The Crosstab Weekly Newsletter 📊 September 2, 2018
Can Beto win? Google + Fake news. What if Hillary had gone to Wisconsin?
Welcome! I’m G. Elliott Morris, data journalist at The Economistand blogger of polls, elections, and political science. Happy Sunday! Here’s my weekly newsletter with links to what I’ve been reading and writing that puts the news in context with public opinion polls, political science, other data (some “big,” some small) and looks briefly at the week ahead. Let’s jump right in! Feedback? Drop me a line or just respond to this email.
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This Week's Big Question
Can Beto Win the Texas Senate Race?
Briefly: Of course Beto can win. The real question is: How likely is that victory? Here’s a quick look at the data.
Beto O'Rourke (D), Congressman from Texas’ 16th congressional district, can absolutely win the upcoming Senate race in Texas. Given recent polling and fundraising data, plus qualitative indicators of a close, attention-grabbing race (like this viral video), election spectators who think the race could be close in November have a lot of evidence with which to make their case. However, I’m still skeptical about O'Rourke’s chances. I put them at about 32% today — which, for the record, is around where quantitative forecasts and betting markets place the race and much better odds than I was giving O'Rourke two months ago.
This being said, what does this calculus look like on the ground? What could cause a blue wave to crash over the Lone Star State, or keep the seat red? There are a couple of lessons to draw from political data and social science, but I’ll talk about the big one briefly here (more to come on Beto v Cruz soon):
Let’s talk about voter turnout in Texas. The statewide voting-aged population is a mixed bag, made up of 45% White, 37% Hispanic, 11% Black, and 6% Asian/other residents, according to projections from the Center for American Progress. On its face, the majority-minority status of the state indicates that Democrats, who have an edge among non-white voters, would prosper in the state. Obviously, that’s not the case. This is because the actual electorateis much redder, made up of 61% White, 21% Hispanic, 13% Black, and 5% Asian voters according again to the CAP. Notably, the share of white voters was down 2% in 2016 compared to 2012.
Okay, Texas voters are Whiter than the state as a whole. So what? Well, this also means that the electorate is more Republican than the state as a whole. Let’s run a scenario: what if all voting-aged Texans voted, and voted the same way for Rs and Ds that they did in 2016? A table:
You can see that I’ve decreased the share of the electorate that is White from roughly 61% to 45% and nearly doubled the share of Hispanic voters (column comp.2016). In the highlighted yellow boxes are the findings: If all voting-aged Texas voted with the same partisan leanings as the state’s electorate alone in 2016, Donald Trump would have won the state by just 0.1 percentage points. That’s closer than his margin in Michigan. Texas would be a true swing state.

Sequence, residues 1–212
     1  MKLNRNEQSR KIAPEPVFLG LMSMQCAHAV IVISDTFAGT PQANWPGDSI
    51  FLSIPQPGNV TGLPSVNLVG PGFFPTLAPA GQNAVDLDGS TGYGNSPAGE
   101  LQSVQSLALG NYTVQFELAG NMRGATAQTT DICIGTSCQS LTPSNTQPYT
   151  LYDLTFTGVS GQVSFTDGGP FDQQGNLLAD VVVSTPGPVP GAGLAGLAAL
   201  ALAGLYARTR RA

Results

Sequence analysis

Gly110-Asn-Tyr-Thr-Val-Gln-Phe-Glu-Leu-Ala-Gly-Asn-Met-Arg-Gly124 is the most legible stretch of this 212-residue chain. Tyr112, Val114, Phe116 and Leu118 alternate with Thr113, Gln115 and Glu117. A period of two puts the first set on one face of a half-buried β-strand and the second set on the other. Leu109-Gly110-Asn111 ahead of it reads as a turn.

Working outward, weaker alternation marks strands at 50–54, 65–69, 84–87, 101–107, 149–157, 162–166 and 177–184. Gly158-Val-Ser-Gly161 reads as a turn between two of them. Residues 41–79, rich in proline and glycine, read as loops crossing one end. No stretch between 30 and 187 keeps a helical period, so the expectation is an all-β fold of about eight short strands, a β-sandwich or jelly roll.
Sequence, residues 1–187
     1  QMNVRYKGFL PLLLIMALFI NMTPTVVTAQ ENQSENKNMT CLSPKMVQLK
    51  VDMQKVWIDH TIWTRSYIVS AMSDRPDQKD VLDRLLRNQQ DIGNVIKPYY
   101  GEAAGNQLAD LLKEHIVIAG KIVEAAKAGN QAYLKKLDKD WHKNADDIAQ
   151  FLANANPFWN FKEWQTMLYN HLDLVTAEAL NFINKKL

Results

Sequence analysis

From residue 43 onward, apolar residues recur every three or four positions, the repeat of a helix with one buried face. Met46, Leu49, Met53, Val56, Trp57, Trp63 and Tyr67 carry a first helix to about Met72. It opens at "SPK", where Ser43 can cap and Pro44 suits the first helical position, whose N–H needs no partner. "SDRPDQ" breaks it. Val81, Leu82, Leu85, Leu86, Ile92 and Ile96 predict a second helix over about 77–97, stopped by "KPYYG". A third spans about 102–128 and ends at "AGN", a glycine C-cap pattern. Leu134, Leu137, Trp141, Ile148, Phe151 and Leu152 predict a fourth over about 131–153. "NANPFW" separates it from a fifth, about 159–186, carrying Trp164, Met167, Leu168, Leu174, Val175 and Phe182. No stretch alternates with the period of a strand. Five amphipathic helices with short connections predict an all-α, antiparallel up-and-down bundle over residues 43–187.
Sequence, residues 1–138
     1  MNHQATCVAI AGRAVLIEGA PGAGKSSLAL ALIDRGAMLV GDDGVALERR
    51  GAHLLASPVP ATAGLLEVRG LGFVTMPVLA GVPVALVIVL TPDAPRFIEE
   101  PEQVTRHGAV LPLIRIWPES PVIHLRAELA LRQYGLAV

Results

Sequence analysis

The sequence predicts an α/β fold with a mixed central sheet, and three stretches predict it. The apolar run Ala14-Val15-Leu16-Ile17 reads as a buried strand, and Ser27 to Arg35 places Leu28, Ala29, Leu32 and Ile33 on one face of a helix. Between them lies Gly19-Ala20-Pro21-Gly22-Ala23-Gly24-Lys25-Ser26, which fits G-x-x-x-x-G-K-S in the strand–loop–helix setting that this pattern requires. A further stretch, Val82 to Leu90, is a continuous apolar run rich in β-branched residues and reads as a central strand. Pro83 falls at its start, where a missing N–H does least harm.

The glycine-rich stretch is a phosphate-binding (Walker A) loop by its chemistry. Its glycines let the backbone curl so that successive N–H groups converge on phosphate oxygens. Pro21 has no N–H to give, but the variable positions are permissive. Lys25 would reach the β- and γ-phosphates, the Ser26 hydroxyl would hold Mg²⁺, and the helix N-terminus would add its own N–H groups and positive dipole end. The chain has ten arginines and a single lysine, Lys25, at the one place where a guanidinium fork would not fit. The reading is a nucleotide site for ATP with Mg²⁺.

In 2018, this means that Senator Ted Cruz — who enjoyed a hypothesized 8 percentage point incumbency advantage — would be running roughly even with Rep. Beto O'Rourke, even in the current national environment where Democrats are beating Republicans by roughly 8 percentage points in the national environment.
But everyone doesn’t vote. Instead, demographics are partially destiny in determining outcomes in state elections. For the sake of the game, let’s run a proposed 2018 election where demographics look more like the 2016 electorate than the 2016 “all voters” scenario — because we have no evidence to believe that Hispanic turnout in the state is about to increase by roughly 75 percent — but decrease the share of non-college White turnout (college-educated voters are more engaged in midterm elections, but so are whites.).
For O'Rourke to run even with Cruz in November, college-educated Whites would need to make up about 33% of the electorate, non-college Whites 29%, Hispanics 21%, Black voters 13%, Asian/others 5%. This is not totally out of the questions, but you can see why I’m cautious about being bullish on Beto. Of course, these numbers are dynamic: if the partisan lean of the electorate shifts left, then the share of white voters that Cruz needs to win increases, etc.
So, if Beto O'Rourke can win, how does he? If I had to pick two things, I’d tell his staff to court white voters by bringing up new issue positions that aren’t as set in partisan lenses as others — maybe with a message emphasizing Medicare for All, which has 55% approval in Texas — all the while rallying young college-educated whites and disaffected minorities to actually show up to the polls in November.
With O'Rourke’s campaign focusing a lot of effort on a winning campaign strategy, it’s easy to see how he’s down 4 points vs Cruz in the polling average with just 65 days to go until the midterm elections. But it’s still more likely to see him coming up short than winning come election day.
The Texas Senate race is a contest to watch. The fact that I can even credibly write that means that the race is closer than it “should” be.
Evidently, POTUS thinks so, too:
I will be doing a major rally for Senator Ted Cruz in October. I’m picking the biggest stadium in Texas we can find. As you know, Ted has my complete and total Endorsement. His opponent is a disaster for Texas - weak on Second Amendment, Crime, Borders, Military, and Vets!
1:09 PM - 31 Aug 2018
Politics and Election Data
The must-read links from this week:
DESPITE making heavy use of their platforms, the 45th president is no fan of America’s big tech firms. Nor is he a fan of the press. On August 28th, President Donald Trump took a swipe at both by accusing Google of rigging its search results in favour of “Fake News”.
Above, my colleagues and I wrote about whether Trump’s claims that Google News is biased against conservatives have any merit.